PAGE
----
Five Reasons Focus Groups Remain Relevant In The Era Of Zoom And Big Data

As technology grows and new and different research techniques come into the marketplace, our research toolbox is becoming more diverse.  But even in the era of Zoom and big data, a recent Wall Street Journal report says companies shouldn’t give up on focus groups.

Why is that?  In a nutshell, focus groups involve  people talking to people.  Despite all of our advancements in technology, there is a real emotional and psychological need for us, humans, to watch and listen to the simple art of conversation.  It seems that nothing can replace this very intimate and compelling form of research.

What’s up with this? The reason is simple, when done right, focus groups provide a unique lens to see how others perceive the world and each other.  Focus groups should not be used to assess behavior; there are other tools for that.  They are uniquely able to capture top of mind reactions to ideas and concepts that can’t be achieved elsewhere. Additionally, only focus groups provide the subtle nuances that can be seen and acted on in an in-person setting.

The Five Reasons …

Body Language Speaks Volumes

A facial expression, a gesture, body movement, a glance are all aspects of body language that a moderator can see and explore more deeply during a focus group.  There are a number of ways to call out non-verbal behavior on the spot to dig deeper into the subject matter. For example:

  • “Bob, it looks like you’re thinking something…what’s on your mind?”
  • “Jane, why did you make that face … what’s up?”
Reading the Energy in the Room is Priceless

Focus groups are also unique in reading the ‘energy’ in the room when stimuli are shown.  Both the moderator and the client can ‘feel’ if a concept, advertisement or message is good or bad, even before they start to talk about it. That unique energy can only be achieved and felt during a focus group.

 

People are Inspired to Share Innovative Ideas

Focus groups allow for exploration of alternate ideas, perspectives and opinions that can provide real insight into a lifestyle, category or brand.  Again, when done well with the right moderator, a lively discussion and free thinking can explore and uncover new, uncharted territories. These unscripted conversations can lead to rich learnings and strategic insights. The free flow of information and ideas during tangential conversations is unique to focus group discussions.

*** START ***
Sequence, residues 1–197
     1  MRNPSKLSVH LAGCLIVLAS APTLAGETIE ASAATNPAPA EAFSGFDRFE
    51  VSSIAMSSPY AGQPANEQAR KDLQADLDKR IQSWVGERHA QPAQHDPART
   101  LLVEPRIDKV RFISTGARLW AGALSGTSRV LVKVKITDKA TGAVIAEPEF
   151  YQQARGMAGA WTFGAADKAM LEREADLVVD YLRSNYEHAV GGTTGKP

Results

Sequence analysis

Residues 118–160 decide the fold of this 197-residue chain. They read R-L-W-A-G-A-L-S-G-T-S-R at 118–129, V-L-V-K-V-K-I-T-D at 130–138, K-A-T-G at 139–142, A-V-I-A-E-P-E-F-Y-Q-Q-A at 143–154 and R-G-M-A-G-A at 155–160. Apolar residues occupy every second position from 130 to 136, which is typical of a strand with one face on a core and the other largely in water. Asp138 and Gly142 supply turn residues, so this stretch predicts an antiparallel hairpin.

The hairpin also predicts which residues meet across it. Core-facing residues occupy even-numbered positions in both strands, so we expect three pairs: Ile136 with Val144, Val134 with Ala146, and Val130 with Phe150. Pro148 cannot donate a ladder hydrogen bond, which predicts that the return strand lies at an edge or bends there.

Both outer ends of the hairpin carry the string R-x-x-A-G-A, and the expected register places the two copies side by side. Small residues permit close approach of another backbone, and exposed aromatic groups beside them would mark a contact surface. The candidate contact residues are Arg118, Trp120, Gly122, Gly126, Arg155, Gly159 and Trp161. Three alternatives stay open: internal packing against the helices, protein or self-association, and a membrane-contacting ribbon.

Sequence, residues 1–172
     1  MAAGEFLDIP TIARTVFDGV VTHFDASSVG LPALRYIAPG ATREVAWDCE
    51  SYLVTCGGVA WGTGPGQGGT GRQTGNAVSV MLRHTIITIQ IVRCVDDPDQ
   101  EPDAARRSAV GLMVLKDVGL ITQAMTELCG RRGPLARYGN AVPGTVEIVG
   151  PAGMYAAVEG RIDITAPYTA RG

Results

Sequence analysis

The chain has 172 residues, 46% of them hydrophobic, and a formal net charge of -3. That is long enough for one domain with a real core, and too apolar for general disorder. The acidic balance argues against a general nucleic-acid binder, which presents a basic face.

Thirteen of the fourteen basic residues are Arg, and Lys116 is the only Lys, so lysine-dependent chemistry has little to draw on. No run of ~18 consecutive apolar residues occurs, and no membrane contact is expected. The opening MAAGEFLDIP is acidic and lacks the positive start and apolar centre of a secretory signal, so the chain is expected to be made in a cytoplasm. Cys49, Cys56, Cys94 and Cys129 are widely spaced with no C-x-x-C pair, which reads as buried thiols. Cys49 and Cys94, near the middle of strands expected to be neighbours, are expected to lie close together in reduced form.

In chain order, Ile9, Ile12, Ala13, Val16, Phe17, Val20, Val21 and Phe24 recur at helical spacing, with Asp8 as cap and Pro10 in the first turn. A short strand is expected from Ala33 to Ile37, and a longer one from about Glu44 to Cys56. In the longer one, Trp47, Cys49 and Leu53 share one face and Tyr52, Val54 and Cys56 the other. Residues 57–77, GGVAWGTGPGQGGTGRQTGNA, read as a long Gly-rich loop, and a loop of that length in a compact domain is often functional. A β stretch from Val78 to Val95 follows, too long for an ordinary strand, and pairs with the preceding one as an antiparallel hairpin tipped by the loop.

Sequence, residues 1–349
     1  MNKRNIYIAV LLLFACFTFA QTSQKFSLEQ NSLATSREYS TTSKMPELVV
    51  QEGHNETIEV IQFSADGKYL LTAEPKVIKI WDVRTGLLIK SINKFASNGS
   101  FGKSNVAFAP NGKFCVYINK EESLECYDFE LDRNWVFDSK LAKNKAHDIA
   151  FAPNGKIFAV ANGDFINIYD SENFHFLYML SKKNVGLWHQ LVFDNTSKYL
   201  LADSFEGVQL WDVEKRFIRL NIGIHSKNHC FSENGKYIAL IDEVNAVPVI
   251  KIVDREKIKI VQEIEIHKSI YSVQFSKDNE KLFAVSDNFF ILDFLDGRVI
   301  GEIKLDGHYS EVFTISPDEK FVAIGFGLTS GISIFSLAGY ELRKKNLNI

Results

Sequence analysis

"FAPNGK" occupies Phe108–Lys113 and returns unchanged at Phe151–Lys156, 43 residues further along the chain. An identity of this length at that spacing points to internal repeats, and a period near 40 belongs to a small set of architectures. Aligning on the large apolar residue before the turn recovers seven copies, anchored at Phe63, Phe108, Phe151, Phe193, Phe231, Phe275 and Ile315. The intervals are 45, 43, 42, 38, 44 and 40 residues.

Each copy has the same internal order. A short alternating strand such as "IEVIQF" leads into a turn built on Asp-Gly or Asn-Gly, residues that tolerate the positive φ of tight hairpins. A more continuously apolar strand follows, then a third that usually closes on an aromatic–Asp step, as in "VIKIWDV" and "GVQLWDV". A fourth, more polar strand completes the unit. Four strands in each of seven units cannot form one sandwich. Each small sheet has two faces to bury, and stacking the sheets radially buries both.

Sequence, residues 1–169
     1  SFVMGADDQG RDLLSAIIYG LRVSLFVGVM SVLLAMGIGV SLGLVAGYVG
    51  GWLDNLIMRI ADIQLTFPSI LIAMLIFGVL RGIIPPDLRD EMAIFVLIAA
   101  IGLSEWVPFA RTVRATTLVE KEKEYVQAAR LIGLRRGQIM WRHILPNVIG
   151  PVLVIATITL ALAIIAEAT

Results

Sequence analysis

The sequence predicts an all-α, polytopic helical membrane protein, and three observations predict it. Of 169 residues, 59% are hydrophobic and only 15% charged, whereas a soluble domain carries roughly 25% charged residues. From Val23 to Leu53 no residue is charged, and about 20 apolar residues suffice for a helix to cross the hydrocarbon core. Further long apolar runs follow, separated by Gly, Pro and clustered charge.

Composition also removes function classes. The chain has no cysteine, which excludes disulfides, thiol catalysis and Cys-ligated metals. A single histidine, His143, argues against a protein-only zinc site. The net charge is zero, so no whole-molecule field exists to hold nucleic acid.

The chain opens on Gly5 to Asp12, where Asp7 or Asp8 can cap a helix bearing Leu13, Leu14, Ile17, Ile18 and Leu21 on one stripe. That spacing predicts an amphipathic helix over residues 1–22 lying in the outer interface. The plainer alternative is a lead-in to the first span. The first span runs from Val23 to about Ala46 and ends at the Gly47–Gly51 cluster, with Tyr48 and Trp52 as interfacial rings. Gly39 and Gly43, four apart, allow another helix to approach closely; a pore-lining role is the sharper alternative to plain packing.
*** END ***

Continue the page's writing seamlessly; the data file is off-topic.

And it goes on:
Listening to Consumers Connects People to Brands

While a number of researchers claim focus groups are not useful or are waning in popularity, it is simply untrue. Yes, there are other online tools that can provide qualitative learning and can do it faster and more efficiently. Quick turn research methods certainly add value in the right circumstances.  And there’s no question, quantitative data is essential.

 

Insights in Real Time

It allows for live-time probing/questioning/pivoting with consumers based on their responses, making it iterative and more insightful.

 

 

 

 

 

Nothing can replace the value of listening to consumers, and the physical and emotional act of having a simple conversation about a topic that is common to all in the room.  The need to ‘feel’ a participant’s emotions will always be essential in the quest to understand consumer’s motivations, and how to create an emotional connection with people.

About the Author

Brian Fletcher is the VP of Qualitative Research at Insights in Marketing, where he uses his outgoing nature and love of junk food to make research participants feel right at home. Check out some of his top tips for leading qualitative research.

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